1.5.       Whilst the final Settlement is more favourable than expected, Local Government has again been faced with real term reductions  which, in conjunction with significant validation requirements for such items as the implementation of the new pay spine, continues to make the budget process extremely difficult. It is also worth noting that the trend has continued in recent years of Local Authorities receiving a decreasing proportion of Welsh Government funding year-on-year. Decisions have had to be made in respect of prioritisation of services and the inclusion of substantial budget reductions in order to achieve what hopefully is an acceptable Council Tax increase.  

2.            Consultation

2.1.       The original proposals have been subjected to an extensive consultation exercise since the Budget Strategy reports were presented to the Executive Board on the 19th November 2018, with the groups and committees being invited to comment in the following manner:-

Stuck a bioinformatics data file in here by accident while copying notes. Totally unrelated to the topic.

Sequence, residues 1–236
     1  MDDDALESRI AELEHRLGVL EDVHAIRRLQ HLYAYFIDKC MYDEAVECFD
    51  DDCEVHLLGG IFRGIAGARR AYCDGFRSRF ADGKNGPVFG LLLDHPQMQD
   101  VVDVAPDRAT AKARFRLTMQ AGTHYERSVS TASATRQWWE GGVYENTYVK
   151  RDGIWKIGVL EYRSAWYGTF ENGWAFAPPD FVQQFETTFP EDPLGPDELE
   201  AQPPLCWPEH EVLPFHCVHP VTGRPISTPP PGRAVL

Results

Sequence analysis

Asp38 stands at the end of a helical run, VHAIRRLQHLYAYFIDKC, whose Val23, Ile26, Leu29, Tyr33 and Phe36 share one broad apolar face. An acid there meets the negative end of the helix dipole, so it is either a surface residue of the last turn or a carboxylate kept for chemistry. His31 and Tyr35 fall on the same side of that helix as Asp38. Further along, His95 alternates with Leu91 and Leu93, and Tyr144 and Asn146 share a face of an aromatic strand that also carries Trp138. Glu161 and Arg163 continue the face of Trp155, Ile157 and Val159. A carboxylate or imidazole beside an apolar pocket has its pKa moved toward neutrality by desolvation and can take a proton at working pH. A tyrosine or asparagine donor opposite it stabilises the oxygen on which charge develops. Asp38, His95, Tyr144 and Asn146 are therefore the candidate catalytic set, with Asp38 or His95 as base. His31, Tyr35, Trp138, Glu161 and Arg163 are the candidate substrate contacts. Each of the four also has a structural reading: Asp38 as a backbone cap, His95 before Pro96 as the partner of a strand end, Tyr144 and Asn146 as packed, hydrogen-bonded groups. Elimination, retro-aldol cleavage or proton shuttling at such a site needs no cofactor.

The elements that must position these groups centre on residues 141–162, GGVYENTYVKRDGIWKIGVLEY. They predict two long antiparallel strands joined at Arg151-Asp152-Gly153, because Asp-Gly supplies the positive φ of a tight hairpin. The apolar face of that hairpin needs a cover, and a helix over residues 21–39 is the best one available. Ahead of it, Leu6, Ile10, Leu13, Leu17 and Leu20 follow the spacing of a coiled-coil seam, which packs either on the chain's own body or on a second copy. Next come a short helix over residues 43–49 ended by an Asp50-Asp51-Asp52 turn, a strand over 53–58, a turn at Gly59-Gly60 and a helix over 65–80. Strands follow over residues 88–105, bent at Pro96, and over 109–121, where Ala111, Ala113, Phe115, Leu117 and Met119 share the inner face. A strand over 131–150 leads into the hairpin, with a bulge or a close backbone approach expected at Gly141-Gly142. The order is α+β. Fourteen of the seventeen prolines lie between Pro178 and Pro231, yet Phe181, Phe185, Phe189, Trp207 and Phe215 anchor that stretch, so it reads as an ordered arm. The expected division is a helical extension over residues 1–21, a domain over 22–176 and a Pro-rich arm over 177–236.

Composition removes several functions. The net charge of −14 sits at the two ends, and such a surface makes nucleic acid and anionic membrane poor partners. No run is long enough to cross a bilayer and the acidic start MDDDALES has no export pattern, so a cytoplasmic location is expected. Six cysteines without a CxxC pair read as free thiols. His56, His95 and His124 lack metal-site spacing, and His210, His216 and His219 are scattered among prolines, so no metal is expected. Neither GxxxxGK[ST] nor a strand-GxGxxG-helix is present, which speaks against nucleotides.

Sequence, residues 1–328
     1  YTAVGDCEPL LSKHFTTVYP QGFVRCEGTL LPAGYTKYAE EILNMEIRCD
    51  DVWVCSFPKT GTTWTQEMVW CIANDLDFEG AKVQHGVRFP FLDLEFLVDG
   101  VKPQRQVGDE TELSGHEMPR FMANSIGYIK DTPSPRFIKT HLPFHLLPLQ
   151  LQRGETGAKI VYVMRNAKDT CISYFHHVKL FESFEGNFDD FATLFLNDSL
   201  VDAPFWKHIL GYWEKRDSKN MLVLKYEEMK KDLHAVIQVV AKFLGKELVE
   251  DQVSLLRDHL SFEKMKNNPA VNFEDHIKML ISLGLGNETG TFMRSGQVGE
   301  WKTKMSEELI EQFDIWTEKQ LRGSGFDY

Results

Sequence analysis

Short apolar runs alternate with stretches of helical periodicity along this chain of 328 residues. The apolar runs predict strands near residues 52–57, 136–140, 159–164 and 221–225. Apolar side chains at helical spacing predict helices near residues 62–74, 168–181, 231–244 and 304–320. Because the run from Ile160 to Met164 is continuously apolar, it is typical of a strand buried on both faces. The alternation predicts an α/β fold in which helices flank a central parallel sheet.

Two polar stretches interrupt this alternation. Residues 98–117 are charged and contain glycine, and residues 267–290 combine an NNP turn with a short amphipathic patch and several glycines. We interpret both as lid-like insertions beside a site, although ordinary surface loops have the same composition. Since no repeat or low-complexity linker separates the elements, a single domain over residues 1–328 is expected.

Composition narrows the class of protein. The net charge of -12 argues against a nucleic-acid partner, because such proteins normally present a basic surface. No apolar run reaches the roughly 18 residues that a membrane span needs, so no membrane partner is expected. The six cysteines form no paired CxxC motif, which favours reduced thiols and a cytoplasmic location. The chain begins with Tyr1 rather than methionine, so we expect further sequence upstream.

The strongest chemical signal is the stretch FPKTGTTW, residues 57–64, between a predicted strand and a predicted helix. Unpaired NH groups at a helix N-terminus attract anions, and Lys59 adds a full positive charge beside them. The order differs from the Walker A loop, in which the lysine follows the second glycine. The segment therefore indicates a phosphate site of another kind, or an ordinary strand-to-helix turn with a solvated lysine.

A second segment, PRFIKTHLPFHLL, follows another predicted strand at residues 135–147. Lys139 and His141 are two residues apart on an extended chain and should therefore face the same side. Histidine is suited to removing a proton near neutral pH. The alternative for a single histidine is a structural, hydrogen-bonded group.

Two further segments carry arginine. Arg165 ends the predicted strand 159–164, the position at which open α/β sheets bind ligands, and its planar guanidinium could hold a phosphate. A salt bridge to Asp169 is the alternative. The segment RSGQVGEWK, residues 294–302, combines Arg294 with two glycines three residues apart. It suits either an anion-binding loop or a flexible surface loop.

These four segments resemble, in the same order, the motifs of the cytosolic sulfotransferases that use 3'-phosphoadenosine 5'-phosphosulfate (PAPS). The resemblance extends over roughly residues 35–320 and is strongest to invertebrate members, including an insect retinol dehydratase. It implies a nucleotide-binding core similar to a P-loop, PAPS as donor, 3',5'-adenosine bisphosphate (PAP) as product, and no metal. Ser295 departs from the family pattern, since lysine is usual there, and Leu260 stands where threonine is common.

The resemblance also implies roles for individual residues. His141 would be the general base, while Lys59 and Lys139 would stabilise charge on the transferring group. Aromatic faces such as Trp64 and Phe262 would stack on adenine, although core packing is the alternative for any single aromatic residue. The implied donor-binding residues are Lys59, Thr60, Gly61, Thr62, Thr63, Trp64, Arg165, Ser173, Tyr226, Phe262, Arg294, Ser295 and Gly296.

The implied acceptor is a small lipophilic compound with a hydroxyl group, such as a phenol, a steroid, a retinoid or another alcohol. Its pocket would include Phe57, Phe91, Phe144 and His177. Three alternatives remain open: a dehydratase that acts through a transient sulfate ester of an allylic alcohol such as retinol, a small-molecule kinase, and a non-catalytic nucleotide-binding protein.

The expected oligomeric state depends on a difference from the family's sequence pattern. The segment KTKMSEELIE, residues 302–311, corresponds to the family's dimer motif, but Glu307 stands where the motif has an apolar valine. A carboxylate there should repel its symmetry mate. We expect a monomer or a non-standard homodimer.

o   Public Consultation

o   Town and Community Councils

o   School Budget Forum

o   Schools Insight Date

o   Member Seminars

o   Scrutiny Committees

o   Trade Union Meetings

2.2.       A detailed report on the consultation results for each of the above is attached at Appendix A.

3.            Budget requirement 2019/20

3.1.       Current Year Performance (2018/2019)

3.1.1.   As the Authority’s core spending requirements remains constant year on year, a review of current year’s performance is important in identifying whether there are any underlying problems within the base budget.

3.1.2.   The current projection for the Revenue Outturn for 2018/19 (based on the October 2018 monitoring) is as follows: